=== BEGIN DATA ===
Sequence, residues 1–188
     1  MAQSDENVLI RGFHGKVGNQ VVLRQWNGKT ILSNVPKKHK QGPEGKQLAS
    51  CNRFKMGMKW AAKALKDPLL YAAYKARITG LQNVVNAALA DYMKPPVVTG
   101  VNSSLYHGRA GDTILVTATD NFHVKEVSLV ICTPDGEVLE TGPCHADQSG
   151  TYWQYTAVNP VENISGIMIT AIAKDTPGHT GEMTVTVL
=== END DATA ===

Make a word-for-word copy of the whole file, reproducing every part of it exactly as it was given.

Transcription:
Sequence, residues 1–188
     1  MAQSDENVLI RGFHGKVGNQ VVLRQWNGKT ILSNVPKKHK QGPEGKQLAS
    51  CNRFKMGMKW AAKALKDPLL YAAYKARITG LQNVVNAALA DYMKPPVVTG
   101  VNSSLYHGRA GDTILVTATD NFHVKEVSLV ICTPDGEVLE TGPCHADQSG
   151  TYWQYTAVNP VENISGIMIT AIAKDTPGHT GEMTVTVL